|Posted on Saturday, May 21, 2005 - 08:09: |
Qigong is an exercise to regulate the mind and breathing in order to control or promote the flow of qi. Since qi plays such an important role in the vital processes of the human body, the regulation of qi flow is therefore be used to preserve health and treat disease. Medical qigong, the qi exercise practiced to prevent and treat disease, is different from general physical exercise. While physical exercise is aimed at building up health or restoring physical functioning by enhancing strength, medical qigong is focused on the mobilization of functional potentialities by regulating the mind. In other words, physical exercise is purely somatic, while qigong exercise is generally psycho-somatic. Another important difference between physical exercise and qigong is that physical exercise expends energy by tensing the muscles and accelerating the heart beat and respirations, while qigong works to ease, smooth and regulate breathing to store up or accumulate energy in the body.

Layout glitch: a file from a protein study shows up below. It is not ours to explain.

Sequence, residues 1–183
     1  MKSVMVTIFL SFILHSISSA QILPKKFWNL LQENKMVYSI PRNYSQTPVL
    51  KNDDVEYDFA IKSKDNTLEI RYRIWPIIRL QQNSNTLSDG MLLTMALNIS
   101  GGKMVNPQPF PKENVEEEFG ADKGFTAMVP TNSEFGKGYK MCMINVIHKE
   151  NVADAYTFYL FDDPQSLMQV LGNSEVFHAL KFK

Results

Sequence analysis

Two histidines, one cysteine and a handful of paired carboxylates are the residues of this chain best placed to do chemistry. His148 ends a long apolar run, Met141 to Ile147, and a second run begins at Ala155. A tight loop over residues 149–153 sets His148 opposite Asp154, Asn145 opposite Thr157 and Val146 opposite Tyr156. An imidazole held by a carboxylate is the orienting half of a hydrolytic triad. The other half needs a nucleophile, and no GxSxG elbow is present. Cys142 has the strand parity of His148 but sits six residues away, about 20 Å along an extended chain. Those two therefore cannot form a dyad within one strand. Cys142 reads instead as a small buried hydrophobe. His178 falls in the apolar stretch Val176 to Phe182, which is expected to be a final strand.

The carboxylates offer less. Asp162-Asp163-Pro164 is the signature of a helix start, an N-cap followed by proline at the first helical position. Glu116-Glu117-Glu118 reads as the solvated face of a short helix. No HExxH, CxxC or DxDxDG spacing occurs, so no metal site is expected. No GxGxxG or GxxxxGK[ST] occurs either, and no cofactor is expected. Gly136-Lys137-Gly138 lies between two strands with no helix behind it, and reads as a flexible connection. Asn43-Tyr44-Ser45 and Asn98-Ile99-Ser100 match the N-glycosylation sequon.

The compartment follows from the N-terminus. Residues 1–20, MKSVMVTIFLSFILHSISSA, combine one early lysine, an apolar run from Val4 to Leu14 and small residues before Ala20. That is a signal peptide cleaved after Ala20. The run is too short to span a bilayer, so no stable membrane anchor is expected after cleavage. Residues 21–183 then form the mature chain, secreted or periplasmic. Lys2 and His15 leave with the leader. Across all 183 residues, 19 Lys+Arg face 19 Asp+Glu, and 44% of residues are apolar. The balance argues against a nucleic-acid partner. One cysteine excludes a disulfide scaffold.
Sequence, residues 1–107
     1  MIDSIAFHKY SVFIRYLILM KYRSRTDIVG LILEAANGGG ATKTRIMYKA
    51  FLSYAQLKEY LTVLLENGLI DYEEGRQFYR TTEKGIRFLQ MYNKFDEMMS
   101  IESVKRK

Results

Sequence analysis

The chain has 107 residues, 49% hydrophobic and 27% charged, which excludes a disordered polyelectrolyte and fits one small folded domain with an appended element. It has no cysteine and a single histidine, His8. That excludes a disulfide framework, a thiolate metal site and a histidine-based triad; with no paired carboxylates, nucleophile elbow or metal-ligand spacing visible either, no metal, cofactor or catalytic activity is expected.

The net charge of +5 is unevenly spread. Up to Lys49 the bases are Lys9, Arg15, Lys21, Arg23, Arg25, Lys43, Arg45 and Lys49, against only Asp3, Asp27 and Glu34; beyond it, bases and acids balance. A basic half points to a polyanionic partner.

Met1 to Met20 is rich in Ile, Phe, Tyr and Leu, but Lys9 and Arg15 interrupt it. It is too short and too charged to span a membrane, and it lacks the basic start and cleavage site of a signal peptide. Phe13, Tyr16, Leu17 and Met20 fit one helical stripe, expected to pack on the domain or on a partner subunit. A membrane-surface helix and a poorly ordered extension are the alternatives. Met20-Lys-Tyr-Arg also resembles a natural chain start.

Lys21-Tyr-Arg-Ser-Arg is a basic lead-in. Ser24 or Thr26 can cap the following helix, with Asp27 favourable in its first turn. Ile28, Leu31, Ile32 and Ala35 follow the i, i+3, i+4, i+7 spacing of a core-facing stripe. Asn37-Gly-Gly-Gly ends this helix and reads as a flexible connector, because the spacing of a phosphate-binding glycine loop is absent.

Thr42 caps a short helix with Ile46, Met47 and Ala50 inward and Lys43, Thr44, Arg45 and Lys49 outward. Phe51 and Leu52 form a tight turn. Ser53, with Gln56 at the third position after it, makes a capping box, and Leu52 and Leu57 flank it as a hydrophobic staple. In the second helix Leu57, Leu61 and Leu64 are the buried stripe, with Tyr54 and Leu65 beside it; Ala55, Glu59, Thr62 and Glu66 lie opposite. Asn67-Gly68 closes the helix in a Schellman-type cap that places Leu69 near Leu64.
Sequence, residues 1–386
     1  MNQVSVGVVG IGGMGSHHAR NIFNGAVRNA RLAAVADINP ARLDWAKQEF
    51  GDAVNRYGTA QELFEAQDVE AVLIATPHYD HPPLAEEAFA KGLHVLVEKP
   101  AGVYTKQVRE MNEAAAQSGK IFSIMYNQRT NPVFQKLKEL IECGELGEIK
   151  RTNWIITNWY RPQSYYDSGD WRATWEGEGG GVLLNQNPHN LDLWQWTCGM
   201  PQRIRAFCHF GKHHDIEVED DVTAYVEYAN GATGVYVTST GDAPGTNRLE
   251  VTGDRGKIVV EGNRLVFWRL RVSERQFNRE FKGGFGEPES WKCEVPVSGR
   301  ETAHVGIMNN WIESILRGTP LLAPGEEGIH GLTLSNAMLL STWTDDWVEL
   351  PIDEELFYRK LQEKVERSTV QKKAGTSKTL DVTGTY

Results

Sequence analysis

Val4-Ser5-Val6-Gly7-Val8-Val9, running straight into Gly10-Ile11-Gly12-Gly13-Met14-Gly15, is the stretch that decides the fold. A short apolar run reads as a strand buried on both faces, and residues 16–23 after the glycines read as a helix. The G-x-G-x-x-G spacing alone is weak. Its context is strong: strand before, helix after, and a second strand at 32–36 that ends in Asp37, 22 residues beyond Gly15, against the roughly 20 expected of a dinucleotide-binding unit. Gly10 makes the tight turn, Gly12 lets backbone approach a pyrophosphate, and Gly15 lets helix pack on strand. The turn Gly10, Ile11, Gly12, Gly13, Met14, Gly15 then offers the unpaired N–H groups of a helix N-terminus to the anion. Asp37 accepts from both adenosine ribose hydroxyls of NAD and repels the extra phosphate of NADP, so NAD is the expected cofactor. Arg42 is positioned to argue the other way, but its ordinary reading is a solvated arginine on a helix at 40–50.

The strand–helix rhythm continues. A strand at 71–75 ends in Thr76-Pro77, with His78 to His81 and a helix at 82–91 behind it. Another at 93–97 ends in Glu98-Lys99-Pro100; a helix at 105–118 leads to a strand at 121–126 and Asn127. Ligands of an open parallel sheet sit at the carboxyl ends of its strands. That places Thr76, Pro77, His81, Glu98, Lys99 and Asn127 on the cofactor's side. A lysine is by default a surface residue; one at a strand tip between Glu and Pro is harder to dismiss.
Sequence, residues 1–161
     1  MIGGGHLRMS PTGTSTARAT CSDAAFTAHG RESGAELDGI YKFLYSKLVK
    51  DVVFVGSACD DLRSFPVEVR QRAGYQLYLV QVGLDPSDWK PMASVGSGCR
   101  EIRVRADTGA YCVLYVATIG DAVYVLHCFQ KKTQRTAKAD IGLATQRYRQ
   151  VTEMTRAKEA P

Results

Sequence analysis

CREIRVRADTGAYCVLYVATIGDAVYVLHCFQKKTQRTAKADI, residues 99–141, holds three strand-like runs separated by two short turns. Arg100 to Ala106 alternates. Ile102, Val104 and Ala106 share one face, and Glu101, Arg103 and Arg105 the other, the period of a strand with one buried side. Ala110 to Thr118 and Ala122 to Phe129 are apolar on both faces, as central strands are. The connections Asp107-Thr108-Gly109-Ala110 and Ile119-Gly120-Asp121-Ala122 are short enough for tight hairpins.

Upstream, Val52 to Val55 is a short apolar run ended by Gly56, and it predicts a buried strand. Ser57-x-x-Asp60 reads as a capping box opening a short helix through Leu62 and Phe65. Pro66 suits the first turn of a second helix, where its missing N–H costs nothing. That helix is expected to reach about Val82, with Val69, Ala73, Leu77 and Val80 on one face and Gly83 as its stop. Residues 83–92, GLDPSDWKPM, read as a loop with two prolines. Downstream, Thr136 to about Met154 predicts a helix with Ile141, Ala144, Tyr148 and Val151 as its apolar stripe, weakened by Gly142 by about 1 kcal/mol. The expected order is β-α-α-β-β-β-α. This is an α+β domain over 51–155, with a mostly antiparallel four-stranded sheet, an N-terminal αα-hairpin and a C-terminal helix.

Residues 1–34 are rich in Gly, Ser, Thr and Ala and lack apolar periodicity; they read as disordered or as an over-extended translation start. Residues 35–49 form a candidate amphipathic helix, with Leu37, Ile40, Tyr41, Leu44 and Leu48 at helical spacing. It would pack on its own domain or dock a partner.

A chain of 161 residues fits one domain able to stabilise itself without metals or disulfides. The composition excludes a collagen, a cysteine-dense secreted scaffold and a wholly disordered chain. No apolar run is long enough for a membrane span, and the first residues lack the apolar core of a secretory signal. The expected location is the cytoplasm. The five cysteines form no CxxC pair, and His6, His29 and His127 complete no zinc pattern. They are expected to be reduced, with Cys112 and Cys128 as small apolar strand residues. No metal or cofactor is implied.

Medical qigong can be divided into two main categories: internal qigong, which is practiced by the patients themselves to preserve and promote their own health, and external qigong, which is performed by a qigong master on a person with health problems. Practicing internal qigong requires regulation of the mind, body and respiration. There are many kinds of internal qigong, some with motion and others without. Qigong can be practiced while sitting still, standing upright, or lying on the back or side. The basic requirement is to stay comfortable and relaxed.
|Posted on Tuesday, May 24, 2005 - 04:14: |
Theory of Jing, Qi and Shen
In the Daoist tradition, which forms the foundation of the traditional Oriental healing and health-promoting arts, there are said to be Three Treasures that in effect constitute our life. These are known as jing, qi (pronounced "chee") and shen. The ultimate goal of all of the Oriental healing and health-promoting arts is to cultivate, balance and expand the Three Treasures. At the highest level of the Oriental healing arts, the practitioner is attempting to harmonize all aspects of one's being. This is accomplished by focusing one's attention on the Three Treasures. There are no exact translations for the terms jing, qi and shen into English. They are generally translated, though, as essence, vitality and spirit.